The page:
TV & Movies

ITV's The Singapore Grip Wasn't Actually Filmed In Singapore

The drama is adapted from JG Farrell’s 1978 novel of the same name.

ITV

Based on JG Farrell’s satirical novel of the same, ITV's The Singapore Grip follows the story of a British family residing in Singapore during the second World War. Olivier Award-winning actor Luke Treadaway leads the drama's cast, which also includes Ab Fab's Jane Horrocks, In the Flesh star Luke Newberry, among others. But what else is there to know about ITV's latest adaptation? And where is The Singapore Grip filmed?

As the Radio Times reports, the series began filming in March 2019. Although set in Singapore, the drama was actually filmed across Malaysia, in locations such as Kuala Lumpur and Penang, due to the country's architecture — which per the Express producers felt better matched the 1940s time period in which The Singapore Grip is set.

Making up the cast of the new series are The Walking Dead's David Morrissey as Walter Blackett, Game of Thrones star Charles Dance, Star Trek's Colm Meaney, Peep Show’s Bart Edwards, Coronation Street's Elizabeth Tan, and Fortitude's Luke Treadaway, who appears as series protagonist Matthew Webb, the Radio Times reports.

Penned by Oscar-winning screenwriter Christopher Hampton, the six-episode period drama centres around the British Blackett family, who, whilst living in Singapore, become embroiled in conflict at the time of the Japanese invasion. The deterioration of the British Empire will also be a running theme throughout the new series, which touches upon colonialism and racism rife during this particular era.

However, the series has received criticism for its portrayal of British colonialism, with the British East and Southeast Asian media advocacy group BEATS telling Variety the series was an example of harmful "(non)representation" and "deeply upsetting."

Their statement read: “In a landscape where our creative industries are decimated, the Black Lives Matter movement has placed this country’s problematic view of its own colonial legacy firmly under the microscope. In this context, an expensively mounted TV adaptation of J.G. Farrell’s satirical novel, with colonial Singapore as its exotic backdrop, is a kick in the teeth to the U.K.’s East and Southeast Asian community. This is especially concerning at a time when anti-East and Southeast Asian hate crime has dramatically increased during the coronavirus pandemic.”

It continued: “The television adaptation could have taken a more enlightened perspective in keeping with the progress that has happened in the half century since the novel’s publication,” the organisation said. “Instead, even the cynical desperation and callous decadence of Farrell’s Caucasian characters is bled out in favor of jauntily-forced, comedic indulgence, presenting this traumatic period of Singapore’s history as little more than breezy and inconsequential.”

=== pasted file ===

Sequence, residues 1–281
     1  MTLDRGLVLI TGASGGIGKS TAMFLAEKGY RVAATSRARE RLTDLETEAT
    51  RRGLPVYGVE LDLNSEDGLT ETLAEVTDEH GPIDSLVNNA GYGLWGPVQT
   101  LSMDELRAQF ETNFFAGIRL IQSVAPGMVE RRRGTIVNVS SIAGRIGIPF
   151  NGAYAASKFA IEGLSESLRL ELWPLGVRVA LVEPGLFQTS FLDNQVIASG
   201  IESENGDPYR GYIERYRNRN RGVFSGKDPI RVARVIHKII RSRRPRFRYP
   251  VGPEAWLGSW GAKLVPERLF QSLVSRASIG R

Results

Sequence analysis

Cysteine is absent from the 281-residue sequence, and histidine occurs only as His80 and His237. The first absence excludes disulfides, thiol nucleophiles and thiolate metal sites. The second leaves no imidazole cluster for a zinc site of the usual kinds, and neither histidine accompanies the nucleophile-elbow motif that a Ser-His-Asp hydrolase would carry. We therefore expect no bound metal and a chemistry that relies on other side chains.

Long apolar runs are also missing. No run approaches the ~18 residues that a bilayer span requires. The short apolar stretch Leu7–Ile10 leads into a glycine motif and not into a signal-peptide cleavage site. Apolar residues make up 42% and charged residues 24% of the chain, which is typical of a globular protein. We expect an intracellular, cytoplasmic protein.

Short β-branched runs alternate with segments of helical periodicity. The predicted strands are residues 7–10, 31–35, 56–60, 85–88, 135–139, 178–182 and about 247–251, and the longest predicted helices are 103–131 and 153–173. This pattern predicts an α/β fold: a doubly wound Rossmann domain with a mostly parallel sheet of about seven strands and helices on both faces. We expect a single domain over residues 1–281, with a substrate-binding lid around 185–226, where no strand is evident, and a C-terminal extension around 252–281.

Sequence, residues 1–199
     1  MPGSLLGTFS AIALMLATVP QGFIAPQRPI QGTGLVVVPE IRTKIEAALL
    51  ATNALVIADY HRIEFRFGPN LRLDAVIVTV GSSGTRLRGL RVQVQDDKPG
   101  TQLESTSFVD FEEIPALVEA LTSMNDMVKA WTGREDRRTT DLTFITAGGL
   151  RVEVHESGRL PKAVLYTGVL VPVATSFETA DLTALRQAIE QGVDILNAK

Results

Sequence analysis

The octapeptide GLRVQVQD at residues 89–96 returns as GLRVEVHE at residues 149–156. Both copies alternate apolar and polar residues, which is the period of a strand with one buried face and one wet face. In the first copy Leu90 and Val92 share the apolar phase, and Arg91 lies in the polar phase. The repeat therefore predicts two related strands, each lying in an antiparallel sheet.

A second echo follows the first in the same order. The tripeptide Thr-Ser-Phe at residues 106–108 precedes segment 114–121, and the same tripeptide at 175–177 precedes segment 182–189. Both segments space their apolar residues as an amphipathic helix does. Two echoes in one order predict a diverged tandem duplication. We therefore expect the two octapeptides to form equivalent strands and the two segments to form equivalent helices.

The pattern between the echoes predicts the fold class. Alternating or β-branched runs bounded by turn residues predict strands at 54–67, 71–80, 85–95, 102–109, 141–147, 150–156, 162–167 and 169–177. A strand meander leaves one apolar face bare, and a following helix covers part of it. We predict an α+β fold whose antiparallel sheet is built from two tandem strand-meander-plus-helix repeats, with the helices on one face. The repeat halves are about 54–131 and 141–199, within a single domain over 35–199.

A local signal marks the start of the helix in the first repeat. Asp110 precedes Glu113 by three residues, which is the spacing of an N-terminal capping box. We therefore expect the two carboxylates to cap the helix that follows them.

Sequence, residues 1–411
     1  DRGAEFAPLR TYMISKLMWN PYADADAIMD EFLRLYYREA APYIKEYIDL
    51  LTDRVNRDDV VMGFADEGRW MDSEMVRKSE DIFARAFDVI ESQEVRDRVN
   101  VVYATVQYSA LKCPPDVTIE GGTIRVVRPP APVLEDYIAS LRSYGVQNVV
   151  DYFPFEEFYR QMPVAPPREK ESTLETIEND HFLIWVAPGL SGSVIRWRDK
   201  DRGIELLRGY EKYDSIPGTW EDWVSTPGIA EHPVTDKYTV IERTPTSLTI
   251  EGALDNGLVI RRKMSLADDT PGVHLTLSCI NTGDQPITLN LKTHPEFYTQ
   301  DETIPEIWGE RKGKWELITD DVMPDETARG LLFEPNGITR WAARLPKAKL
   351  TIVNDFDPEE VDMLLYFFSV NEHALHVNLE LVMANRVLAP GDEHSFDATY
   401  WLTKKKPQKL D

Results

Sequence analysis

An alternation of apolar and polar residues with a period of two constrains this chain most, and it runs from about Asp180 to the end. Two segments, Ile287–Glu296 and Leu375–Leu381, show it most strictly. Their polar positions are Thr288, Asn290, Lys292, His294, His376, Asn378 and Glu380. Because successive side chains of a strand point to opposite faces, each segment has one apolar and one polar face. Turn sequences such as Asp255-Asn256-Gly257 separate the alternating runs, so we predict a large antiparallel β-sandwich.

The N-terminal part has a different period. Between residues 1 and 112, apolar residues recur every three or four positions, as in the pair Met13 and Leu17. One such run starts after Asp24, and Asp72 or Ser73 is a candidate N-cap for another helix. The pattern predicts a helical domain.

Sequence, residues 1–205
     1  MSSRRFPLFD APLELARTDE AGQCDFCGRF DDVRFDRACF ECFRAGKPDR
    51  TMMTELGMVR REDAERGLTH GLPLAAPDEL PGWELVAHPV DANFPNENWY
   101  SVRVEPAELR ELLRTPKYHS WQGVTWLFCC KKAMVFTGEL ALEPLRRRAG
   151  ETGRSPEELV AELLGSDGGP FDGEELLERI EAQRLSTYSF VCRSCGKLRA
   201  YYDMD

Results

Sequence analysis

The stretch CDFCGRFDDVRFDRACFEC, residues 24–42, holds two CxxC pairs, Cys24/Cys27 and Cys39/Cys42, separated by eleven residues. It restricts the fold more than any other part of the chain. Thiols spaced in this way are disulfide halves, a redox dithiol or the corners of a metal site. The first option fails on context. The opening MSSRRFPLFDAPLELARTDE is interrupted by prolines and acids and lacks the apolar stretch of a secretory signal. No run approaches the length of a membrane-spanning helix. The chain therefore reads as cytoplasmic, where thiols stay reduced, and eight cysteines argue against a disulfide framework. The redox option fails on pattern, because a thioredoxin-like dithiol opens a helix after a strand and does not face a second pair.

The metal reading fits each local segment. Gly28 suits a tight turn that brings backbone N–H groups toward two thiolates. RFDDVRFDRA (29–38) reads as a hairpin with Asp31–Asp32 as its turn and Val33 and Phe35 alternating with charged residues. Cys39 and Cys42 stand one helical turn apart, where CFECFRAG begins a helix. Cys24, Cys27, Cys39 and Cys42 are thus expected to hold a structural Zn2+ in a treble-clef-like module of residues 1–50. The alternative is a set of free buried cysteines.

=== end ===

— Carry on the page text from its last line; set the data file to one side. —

The show's writer Christopher Hampton responded with his own statement, given to Variety. It read: “any fair-minded viewer will easily understand that [‘The Singapore Grip’] is an attack on colonialism — and is indeed based on the last of a trio of books known as the ‘Empire Trilogy,’ which constitute perhaps the most celebrated attack on colonialism by a British novelist in the 20th century.”

He added: “Its very subject is possibly the greatest catastrophe to befall the British Empire during its decline, a disaster the colonists were themselves squarely responsible for.”

Hampton also addressed concerns about the lack of representation the show provides, with a cast of mostly white actors, despite the its setting. “The most sympathetic and resourceful of the central characters is a Chinese woman, a member of the Resistance against the Japanese, who is able to educate our hero and open his eyes to what he is already becoming aware of, namely the corrupt practices and casual racism of the ruling British elite,” Hampton said.

However BEATs countered this, arguing that both the show and book: “feature only one Asian character who remotely resembles a protagonist: Vera Chiang, ‘a mysterious Chinese refugee’ (‘Eurasian,’ according to the story, although this nuance is seemingly lost on ITV’s publicity department), whose main dramatic function is to cast a ‘spell’ over the story’s white male conscience, ‘Matthew.’ In the first episode, her every appearance is announced by keening erhu music while, despite her supposed refugee status, she models impeccable cheongsams and enigmatic smiles.”

BEATs are not the only critics of Singapore Grip, the show has also been met by backlash on social media with several prominent industry professionals sharing their thoughts on the show's failings.

Director Mingyu Lin wrote: "This does to Singapore what most Vietnam war films did to Vietnam - relegate a country who suffered through a horrific war into a backdrop for a foreign, white narrative where the only BESEA characters are portrayed as exotically sexual options or nameless aggressors."

While actor Siu-see Hung posted: "How can you justify doing this kind of colonial sh*t in this day and age @ITV? Focus is still completely on white bodies while I've yet to see British East Asians represented at all on our screens. #singaporegrip"

The Singapore Grip begins on Sunday, September 13 at 9 p.m. on ITV.